Haines Basecamp Glacier Skiing – days 4-6


This post by WildSnow.com blogger  

Our Haines ski basecamp trip is coming to a close. School officially started two days ago. I’m stretching out my spring break as long as I can, by playing hookey for a few days. As I sit in my tent, the walls are quivering from 40mph gusts of wind.

Skiing next to beautiful seracs in low angled powder.

Skiing next to beautiful seracs in low angled powder.

If the weather holds, we are going to fly out Friday afternoon. The last few days have been clear weather, so I’ve been skiing hard, and haven’t spent much time in front of the screen, so blog posts are a little behind. I’ll be filing a few more trip reports in the next few days, detailing the last days of the trip.

After the first sunny days of the trip, our camp became socked in for a few days. The storm was mellow, although we stayed away from skiing because of the whiteout.

During a small break in the storm we took a extended exploratory tour of some areas that we hadn’t checked out yet. We climbed towards a small ridge above camp, but were turned around by a touchy windslab. Cutting our losses, we enjoyed some great pow turns next to seracs back towards camp.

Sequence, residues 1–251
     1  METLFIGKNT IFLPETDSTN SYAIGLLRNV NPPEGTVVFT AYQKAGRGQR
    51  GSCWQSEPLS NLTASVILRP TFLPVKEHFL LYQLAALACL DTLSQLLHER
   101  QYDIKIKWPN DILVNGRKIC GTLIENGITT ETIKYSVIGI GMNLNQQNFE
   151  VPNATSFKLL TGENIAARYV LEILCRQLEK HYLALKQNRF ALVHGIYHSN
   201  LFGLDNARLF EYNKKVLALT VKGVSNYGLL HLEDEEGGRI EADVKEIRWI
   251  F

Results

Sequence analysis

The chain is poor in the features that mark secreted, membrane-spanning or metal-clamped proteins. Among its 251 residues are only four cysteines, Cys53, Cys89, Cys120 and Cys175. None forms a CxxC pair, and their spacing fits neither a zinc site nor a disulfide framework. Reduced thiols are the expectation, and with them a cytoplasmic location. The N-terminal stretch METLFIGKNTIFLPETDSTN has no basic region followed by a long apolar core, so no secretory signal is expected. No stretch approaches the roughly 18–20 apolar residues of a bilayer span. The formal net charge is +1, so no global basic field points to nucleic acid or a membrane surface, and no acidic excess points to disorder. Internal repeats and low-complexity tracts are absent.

After lunch, we turned up the glacier, and headed toward the peaks at the head of the basin. We climbed next to more beautifull seracs, and into a small basin ringed with spires, reminiscent of the Frey valley in Argentina. Clouds were moving in and out, but in one of the breaks we spied an impressive pinnacle to the south, across a massive valley glacier. The steep north face begged to be skied. We filed it away in our minds along with all the other amazing runs we’ve seen this trip. Next to the pinnacle was a large, more low angled summit, that appeared to be one of the highest peaks in our little area.

Storm day breakfast  involves a lot of bacon. Our cushy camp setup (really just glorified car camping), makes sitting out storm days pretty nice.

Storm day breakfast involves a lot of bacon. Our cushy camp setup (really just glorified car camping), makes sitting out storm days pretty nice.

Coop and Tyler playing a game of mini-Settlers of Catan. Coop might be going a little crazy.

Coop and Tyler playing a game of mini-Settlers of Catan. Coop might be going a little crazy.

The beautiful pinnacle run we spied, with another seductive  peak behind it.

The beautiful pinnacle run we spied, with another seductive peak behind it.

Hanging out at the top of the Couloir, in increasingly flat light.

Hanging out at the top of the Couloir, in increasingly flat light.